"Yes, Mom…I will. I…will try, I said that. Please, don't make this…I can't promise that…" Wilson caught House's reflection as he finally entered the office, and span around, "yes, yes…can I call you back in a minute? Okay? Bye, Mom."
He returned the phone to his pocket. House had helped himself to his desk chair, so Wilson dragged a chair from the corner over and sat down. House was looking at him meditatively.
"What's up?" Wilson said, shrugging off his jacket onto the back of the chair.
"Apparently, your dislike of your parents," House answered, "You don't talk to your mother like that."
"I do when she's being…it doesn't matter. Long day, that's all."
"It's not even lunchtime. You're a bad liar."
Wilson opened his mouth to argue, then appeared to think better of it. "Right. Whatever makes you happy."
"I need you to run some tests on a patient of mine. When are you free?" House said suddenly, bored of the previous subject and tossing it aside.
Wilson glanced at his schedule, lying open on the desk. "This afternoon, say two? I've got patients to see until then."
House looked at the file in front of him. "Says here that you're free right now."
"House, come on! I've got twenty minutes til I'm supposed to give a lecture to a bunch of med students!"
"Won't take long. And I'm sure they'll work it out for themselves – cancer bad, not cancer good."
Wilson smiled patiently. "Okay, let's go."
"Let's go? As in 'let us go'? You don't need me – you might not know this, but you're actually pretty good at this stuff yourself."
Wilson sighed, and followed House out the door. "Coming over on Friday?" House asked as they paced down the hall towards the elevator.
"What? No. Oh, I didn't tell you. There's an oncology conference in…"
"…Chicago," House cut in. Wilson found himself surprised for the thousandth time at House's seeming omniscience.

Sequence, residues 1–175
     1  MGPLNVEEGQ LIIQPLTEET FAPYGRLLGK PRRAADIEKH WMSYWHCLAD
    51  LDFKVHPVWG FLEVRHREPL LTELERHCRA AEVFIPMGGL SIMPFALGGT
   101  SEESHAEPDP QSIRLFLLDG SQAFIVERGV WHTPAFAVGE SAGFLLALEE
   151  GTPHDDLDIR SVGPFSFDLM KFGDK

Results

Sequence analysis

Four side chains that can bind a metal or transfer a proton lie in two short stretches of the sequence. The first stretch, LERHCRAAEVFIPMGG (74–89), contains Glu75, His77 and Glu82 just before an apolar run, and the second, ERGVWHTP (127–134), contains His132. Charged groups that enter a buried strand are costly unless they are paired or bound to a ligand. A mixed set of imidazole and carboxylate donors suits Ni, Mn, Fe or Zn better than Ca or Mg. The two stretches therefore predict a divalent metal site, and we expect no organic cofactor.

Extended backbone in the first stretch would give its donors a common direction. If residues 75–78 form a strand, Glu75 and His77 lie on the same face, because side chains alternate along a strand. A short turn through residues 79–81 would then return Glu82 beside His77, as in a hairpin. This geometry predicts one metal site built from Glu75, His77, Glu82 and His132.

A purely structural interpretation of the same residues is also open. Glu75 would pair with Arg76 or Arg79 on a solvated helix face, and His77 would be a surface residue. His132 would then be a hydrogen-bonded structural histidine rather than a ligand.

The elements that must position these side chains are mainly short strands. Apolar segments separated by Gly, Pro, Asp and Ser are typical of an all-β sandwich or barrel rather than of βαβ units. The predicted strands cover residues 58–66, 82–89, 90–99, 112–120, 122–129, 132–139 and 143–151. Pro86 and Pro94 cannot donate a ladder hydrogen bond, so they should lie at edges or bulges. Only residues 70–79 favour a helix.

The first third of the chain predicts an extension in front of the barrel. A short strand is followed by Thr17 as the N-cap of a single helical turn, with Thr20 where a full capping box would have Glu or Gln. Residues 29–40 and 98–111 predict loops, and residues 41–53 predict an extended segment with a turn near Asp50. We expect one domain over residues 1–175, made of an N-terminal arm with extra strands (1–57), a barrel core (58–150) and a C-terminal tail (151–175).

"Yeah," he could feel his palms getting damp. God, he thought, he really was a lousy liar. However, House didn't pursue the subject. At least not then.
With Wilson busily examining his friend's latest case, House was prowling across their balcony and breaking into his office. House termed it a 'division of labour'. Dear, trusting Jimmy had left the balcony door unlocked, so getting in was laughably easy. Pangs of conscience were practically alien to House, so he felt no qualms as he slipped into the darkened room and opened the blinds. The light flowed in over Wilson's desk, his chair, and the jacket over the back of the chair. House stumped over and went through the pockets. They were almost empty. House hissed in perturbation and moved around the desk. He wrenched open a drawer, the there it was. An airline envelope. He opened it and pulled out the ticket inside.
The flight was to Detroit. Interesting. He returned the ticket to its place and closed the blinds on his way out.
Ten minutes later, as he tossed his cane from hand to hand, his feet resting on the edge of his desk, House looked up to see Wilson push forward the glass door.
"It's cancer. Bone - Stage Two."
"I've started her on…you don't care, do you?"
"Fine," Wilson nodded, "I'll see you when I get back."
Wilson left. House watched him, and chewed the inside of his cheek in annoyed puzzlement. Slowly, an idea began to form in his mind. The phone call, the airplane ticket – the lie. A conversation once had on a bench on a cold night.
Wilson returned a week later. He looked tired and pale, and spent the morning shut up in his office. Just before House was going to leave his office and head to the cafeteria, his friend entered. They looked at each other briefly, each wondering if a greeting was necessary. Wilson spoke first.
"Hey," he said heavily, "Lunch?"
"Yeah," House grabbed his cane and levered himself to his feet. Wilson turned to go.
"You find him?"
Wilson froze in the doorway, his shoulders tensing. There was a long silence, before Wilson choked out, not turning around, "What?"
"Your brother. Find him?"
For the thousand-and-first time, Wilson felt bewilderment at his friend's unavoidable intellect. "No," he said, his back still turned, "can we go?"
"Sure we can. Where'd you look?"
"Everywhere I could think of. Please," Wilson finally turned to face House. They were a few feet apart, and House could clearly see the pain in Wilson's eyes. "Please, can we not talk about this?"
"Fine," House answered, relief washing over him. They would go to lunch, and forget this ever happened. Wilson would give up eventually. House smiled, and followed him out the door.